The likely makeup of next year’s presidential election in Taiwan is clearer today after the main opposition Democratic Progressive Party said that chairwoman Tsai Ing-wen had secured the party’s nomination after winning a telephone poll. AP reports that the party is expected to formally announce Tsai's nomination as the DPP candidate to take on President Ma Ying-jeou next January on May 4.
I asked J. Michael Cole, deputy news chief at the Taipei Times and a correspondent for Jane's Intelligence Review, for his take on the result and also on Tsai as a candidate.
Cole noted that her victory in the island-wide poll against her two opponents—Su Tseng-chang and Hsu Hsin-liang—is an interesting development because if confirmed she’d be the first-ever female candidate for the post.
‘Her victory over Su was pretty narrow, while Hsu was from the beginning of the primaries far, far behind and few saw him as a strong contended in what was pretty much a two-way race,’ Cole told me. ‘Polls showed the average for Tsai against Ma was 42.5 percent against 35.04 percent, while Su’s was 41.15 percent against 33.79 percent.’
So, what can we expect from her? ‘Despite her role in the late 1990s as a member of small group that developed then-President Lee Teng-hui’s “Two State Theory”—a legacy passed on by Lee to the incoming DPP administration of Chen Shui-bian—Tsai is regarded as a moderate, in that she has supported engaging China economically and in other fields,’ Cole said.
‘Her “middle-of-the-road” approach to China — engage, but with caution and with clearly defined red lines when it comes to Taiwan’s sovereignty — should have appeal with centrist, undecided, and “light blue” KMT voters. Within the pan-green camp, her willingness to adopt a more “pragmatic” policy of engagement China could lose her votes and support with the “deep greens,” but at the end of the day their relatively small number shouldn’t have too much of an impact.’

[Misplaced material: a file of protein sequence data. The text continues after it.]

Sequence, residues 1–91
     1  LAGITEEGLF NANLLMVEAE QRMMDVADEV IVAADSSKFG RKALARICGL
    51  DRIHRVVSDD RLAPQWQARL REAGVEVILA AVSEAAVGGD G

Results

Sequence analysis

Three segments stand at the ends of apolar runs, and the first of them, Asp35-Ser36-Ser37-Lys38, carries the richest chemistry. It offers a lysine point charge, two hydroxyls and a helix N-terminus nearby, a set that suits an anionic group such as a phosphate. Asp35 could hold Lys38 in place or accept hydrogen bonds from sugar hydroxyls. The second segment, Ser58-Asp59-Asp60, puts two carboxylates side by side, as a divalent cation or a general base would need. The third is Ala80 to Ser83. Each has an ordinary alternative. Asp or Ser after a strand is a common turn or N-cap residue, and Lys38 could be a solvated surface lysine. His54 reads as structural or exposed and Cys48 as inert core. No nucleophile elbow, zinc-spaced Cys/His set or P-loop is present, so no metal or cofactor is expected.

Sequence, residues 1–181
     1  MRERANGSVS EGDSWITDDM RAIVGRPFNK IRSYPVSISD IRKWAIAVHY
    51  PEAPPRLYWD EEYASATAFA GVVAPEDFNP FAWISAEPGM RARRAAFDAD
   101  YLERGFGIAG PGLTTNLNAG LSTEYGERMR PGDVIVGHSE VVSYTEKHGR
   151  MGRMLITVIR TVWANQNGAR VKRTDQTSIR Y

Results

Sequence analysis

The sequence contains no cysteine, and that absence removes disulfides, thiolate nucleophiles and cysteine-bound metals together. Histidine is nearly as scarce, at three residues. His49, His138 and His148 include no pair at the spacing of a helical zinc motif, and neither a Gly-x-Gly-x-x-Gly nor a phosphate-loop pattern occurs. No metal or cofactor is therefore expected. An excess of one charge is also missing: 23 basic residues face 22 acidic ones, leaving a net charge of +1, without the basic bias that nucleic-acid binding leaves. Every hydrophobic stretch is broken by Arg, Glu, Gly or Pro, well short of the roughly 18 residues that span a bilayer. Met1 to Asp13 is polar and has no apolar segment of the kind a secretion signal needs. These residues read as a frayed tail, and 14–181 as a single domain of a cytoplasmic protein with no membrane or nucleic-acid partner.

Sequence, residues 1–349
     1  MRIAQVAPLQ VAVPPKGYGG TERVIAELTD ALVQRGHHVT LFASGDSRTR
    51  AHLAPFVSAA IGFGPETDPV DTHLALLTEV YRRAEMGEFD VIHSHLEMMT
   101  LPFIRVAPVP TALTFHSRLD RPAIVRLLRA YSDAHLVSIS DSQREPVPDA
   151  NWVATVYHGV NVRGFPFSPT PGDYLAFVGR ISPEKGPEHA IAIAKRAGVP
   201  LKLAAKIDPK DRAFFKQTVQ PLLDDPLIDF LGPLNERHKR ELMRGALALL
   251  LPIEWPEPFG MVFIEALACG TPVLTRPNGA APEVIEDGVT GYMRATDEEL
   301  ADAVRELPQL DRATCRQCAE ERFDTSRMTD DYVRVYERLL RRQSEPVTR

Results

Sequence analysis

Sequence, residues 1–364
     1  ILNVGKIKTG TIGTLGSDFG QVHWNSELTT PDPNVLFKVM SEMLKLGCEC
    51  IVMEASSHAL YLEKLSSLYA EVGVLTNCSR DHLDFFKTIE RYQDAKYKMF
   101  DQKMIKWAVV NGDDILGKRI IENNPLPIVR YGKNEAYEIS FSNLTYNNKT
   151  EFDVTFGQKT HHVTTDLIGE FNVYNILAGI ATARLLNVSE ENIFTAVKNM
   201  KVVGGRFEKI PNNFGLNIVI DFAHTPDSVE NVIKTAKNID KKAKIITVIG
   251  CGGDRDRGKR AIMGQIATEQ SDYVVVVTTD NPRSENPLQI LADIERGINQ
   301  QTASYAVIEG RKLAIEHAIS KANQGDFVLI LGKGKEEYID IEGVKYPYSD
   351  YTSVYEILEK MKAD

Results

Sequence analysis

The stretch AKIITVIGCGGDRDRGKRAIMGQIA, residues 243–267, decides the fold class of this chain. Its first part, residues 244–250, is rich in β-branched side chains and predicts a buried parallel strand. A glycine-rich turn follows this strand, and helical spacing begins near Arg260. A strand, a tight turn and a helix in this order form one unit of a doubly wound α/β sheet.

And where does she stand on the issue of Taiwan’s sovereignty? Cole told me that Tsai’s adherence to the DPP charter, which clearly emphasizes Taiwan’s sovereignty, and the perception that she won’t yield on that fundamental aspect of her platform, should be sufficient to allay fears as she makes her case for engaging China that she would “sell out” Taiwan in the process, ‘something that has haunted Ma and the KMT.’
He added: ‘She has relatively little experience running for office, with her bid for New Taipei City mayor in late November last year representing the first time she did so. While some would say she comes across as “bookish,” she has undeniable charm and is Western educated, with good English skills. She’s of Hakka descent and also speaks Taiwanese (also known as Hoklo) fairly well, meaning that she can tap into those resources for support.’